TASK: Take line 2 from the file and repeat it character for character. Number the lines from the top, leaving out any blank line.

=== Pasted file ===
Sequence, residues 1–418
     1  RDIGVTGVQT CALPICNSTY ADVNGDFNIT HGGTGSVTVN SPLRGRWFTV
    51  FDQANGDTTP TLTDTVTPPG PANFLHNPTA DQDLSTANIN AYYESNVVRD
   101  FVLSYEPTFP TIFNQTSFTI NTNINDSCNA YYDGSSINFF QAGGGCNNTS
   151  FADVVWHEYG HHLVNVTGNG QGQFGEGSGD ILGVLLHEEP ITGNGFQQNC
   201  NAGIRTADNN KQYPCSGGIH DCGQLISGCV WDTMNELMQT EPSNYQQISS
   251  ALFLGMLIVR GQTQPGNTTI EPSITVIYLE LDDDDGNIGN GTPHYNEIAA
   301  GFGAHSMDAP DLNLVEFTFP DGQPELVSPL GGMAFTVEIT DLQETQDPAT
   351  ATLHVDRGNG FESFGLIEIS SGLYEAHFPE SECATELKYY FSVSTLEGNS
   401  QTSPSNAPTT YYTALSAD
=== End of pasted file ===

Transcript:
     1  RDIGVTGVQT CALPICNSTY ADVNGDFNIT HGGTGSVTVN SPLRGRWFTV